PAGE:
Swimming

Swimming requires a dedicated commitment to training, with elite swimmers training 6 to 12 times per week. Depending on the race distance, training sessions can cover up to 10km and include 1-2km of high-intensity sprints. As well as water based session, weight training sessions are completed several times a week by elite swimmers. Training commitments are usually lower at a school or club level.

About Swimming

Swimming competitions may last for 3 to 7 days with heats usually swum in the morning with finals at night. Races can last from 20 seconds to 15 minutes, which makes swimming a very anaerobic sport although aerobic metabolism increases the longer the distance. In some competitions, swimmers may race 2 to 3 times in a day and have anywhere from 20 minutes to long as several hours between events.

Many top swimmers are in their teens. This means that swimmers they are often completing high volumes of training during periods of growth and muscular development. This can result in high energy and nutritional requirements and make eating sufficient amounts a challenge.

Training Diet

Typically, training sessions are held early in the morning and, as a result, some swimmers not eat beforehand for stomach comfort, lack of appetite or to sneak in an extra 10 minutes in bed! Ideally, swimmers should aim to eat breakfast or a light snack prior to training to maximise performance. Liquid meals (e.g. Sustagen® Sport) or low fat milk tetra packs can be useful for fuelling and maintaining stomach comfort, especially when appetite is poor.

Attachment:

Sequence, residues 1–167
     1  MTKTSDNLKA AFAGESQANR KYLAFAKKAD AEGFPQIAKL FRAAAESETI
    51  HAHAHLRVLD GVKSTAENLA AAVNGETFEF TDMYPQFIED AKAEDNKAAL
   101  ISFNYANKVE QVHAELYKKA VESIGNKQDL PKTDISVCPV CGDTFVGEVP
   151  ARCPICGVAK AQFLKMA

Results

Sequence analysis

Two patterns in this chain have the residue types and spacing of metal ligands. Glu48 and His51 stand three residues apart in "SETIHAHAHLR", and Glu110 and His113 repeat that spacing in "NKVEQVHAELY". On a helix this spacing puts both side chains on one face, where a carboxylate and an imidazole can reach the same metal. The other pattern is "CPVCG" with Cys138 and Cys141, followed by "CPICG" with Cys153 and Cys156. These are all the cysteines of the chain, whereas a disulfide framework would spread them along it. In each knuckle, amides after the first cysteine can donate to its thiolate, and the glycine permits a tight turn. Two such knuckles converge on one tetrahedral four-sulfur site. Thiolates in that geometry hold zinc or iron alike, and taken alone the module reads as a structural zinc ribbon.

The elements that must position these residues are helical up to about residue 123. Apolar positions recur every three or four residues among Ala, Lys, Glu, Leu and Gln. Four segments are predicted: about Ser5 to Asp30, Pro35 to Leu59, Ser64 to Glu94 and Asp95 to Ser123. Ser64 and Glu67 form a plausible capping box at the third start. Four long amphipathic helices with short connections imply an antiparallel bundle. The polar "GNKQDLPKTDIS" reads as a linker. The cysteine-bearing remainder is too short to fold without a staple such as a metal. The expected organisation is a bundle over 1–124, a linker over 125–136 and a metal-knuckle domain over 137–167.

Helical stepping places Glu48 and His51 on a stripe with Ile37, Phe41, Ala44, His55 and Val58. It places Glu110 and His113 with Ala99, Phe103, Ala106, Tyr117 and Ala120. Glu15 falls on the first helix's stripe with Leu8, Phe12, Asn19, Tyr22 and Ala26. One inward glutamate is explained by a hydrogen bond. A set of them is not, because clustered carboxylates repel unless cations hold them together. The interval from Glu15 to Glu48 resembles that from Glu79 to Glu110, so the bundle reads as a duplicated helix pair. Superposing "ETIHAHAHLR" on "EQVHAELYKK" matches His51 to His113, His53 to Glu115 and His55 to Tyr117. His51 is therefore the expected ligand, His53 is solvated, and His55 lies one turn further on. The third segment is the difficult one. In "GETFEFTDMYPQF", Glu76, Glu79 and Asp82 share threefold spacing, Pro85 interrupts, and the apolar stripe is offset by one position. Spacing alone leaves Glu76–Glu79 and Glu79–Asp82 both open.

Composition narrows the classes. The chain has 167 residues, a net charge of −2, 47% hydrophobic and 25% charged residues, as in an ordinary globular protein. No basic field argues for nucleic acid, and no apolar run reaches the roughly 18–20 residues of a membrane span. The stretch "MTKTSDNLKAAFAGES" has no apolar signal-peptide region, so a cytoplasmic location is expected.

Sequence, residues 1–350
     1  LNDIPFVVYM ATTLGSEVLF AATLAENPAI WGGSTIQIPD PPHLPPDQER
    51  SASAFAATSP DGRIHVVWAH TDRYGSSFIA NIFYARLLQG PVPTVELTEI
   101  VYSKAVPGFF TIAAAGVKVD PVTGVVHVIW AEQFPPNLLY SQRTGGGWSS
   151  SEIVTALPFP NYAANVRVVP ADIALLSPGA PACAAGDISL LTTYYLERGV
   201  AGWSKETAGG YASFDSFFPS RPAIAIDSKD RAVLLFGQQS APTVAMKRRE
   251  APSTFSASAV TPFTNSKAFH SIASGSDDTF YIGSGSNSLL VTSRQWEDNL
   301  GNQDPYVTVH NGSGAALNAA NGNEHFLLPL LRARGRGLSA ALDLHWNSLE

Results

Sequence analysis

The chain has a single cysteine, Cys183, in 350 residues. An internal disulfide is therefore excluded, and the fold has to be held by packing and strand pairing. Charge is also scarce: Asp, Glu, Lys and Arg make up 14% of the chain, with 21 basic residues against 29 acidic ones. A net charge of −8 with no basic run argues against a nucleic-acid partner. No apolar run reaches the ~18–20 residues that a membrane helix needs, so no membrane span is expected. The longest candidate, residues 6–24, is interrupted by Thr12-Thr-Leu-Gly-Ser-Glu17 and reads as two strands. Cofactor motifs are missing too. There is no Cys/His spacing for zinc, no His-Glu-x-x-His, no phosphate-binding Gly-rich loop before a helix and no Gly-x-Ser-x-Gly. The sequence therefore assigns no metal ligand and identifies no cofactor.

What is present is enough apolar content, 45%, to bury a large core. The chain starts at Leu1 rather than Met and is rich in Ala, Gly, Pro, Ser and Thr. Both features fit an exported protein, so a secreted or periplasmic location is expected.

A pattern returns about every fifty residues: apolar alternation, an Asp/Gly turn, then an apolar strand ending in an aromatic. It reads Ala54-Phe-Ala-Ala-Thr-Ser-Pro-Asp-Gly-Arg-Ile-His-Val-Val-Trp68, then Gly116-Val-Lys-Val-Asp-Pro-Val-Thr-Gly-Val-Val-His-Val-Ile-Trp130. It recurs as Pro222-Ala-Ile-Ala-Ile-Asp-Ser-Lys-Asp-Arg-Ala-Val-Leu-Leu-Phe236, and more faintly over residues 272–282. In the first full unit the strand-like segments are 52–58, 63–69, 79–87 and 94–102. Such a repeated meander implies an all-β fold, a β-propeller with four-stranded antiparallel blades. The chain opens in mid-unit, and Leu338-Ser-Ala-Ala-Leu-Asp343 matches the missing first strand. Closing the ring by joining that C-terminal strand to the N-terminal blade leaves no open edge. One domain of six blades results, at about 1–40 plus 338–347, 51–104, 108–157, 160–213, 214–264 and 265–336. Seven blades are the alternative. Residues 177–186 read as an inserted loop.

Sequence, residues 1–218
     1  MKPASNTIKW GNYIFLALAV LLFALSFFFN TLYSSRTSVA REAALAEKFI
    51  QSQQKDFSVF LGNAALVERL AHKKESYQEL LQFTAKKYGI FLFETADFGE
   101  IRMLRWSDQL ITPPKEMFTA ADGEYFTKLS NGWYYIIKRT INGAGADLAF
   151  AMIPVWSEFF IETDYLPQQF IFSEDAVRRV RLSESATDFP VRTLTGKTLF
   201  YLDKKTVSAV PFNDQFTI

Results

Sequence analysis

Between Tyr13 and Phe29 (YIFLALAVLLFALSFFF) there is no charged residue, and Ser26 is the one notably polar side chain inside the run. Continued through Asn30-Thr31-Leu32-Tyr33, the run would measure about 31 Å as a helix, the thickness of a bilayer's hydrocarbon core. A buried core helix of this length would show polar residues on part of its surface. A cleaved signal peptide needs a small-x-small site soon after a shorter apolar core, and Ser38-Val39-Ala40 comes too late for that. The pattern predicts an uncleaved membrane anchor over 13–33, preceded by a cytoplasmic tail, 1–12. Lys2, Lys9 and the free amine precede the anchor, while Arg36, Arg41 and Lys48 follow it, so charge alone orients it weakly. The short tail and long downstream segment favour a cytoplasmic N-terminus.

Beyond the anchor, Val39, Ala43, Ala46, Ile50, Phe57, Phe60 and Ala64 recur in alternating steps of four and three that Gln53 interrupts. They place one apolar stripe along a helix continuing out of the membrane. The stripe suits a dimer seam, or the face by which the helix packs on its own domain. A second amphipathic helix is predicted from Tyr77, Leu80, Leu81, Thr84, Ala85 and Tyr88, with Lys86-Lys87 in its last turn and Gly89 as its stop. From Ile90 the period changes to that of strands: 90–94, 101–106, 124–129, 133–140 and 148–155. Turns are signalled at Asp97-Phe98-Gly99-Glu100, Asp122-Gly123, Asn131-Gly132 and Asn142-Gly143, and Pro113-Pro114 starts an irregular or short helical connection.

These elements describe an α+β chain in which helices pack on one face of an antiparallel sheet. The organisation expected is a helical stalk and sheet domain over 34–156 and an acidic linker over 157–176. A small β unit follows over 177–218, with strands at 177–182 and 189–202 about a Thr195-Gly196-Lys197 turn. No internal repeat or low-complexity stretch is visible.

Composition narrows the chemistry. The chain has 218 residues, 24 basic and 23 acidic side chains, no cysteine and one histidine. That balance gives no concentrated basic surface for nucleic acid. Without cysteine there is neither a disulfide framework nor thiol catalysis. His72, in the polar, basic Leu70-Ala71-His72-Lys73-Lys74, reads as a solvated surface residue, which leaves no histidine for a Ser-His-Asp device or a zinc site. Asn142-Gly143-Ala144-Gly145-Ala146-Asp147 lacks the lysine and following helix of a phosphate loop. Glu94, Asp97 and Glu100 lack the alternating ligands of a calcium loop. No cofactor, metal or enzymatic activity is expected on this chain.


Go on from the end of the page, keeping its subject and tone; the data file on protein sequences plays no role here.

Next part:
Many swimmers will train twice a day, so carbohydrate based, nutritious snacks should be included over the day to ensure energy needs are met for training, recovery and growth.

Athletes may also have busy schedules outside of training (e.g. work, school, university, social lives, family commitments, etc) so meals and snacks may need to be eaten “on the run”. This requires a good planning to avoid rather than relying on takeaway options. See example below.

MEAL FOOD
Before training 1-2 toasted English muffin/s with jam

Breakfast

(also recovery from morning session)

1 bowl cereal + low fat milk + sliced strawberries

Or

2 poached eggs on wholegrain toast + glass milk

Snack Low fat yoghurt + small fruit tub in natural juice
Lunch 1-2 salad and lean meat sandwiches + piece fruit
Before training 2 crumpets with banana and honey
Recovery Snack Tetra pack low fat flavoured milk

Dinner

(also completing recovery from afternoon session)

Stir fry with lean meat and plenty of vegetables +  rice or noodles
Snack Low fat custard or creamed rice + frozen berries
Don’t forget to include a glass of water at meals and sip on water over the day. Sports drink might be useful during long training sessions not only to help hydration but  to also help top up fuel supply.

*This is an example only and requirements will depend on individual training loads, age and body weight and height.

Fluid Needs

Although it can be difficult to sense sweat losses because of the water-based environment, pool areas (especially indoor) are often warm and humid increasing fluid loss from the body. Water bottles should be taken to training and competition and placed in an accessible location to ensure fluids are consumed regularly during exercise. Swimmers can estimate how much fluid they lose during a training session by weighing themselves pre and post training. For more details see the Fluids in Sport factsheet.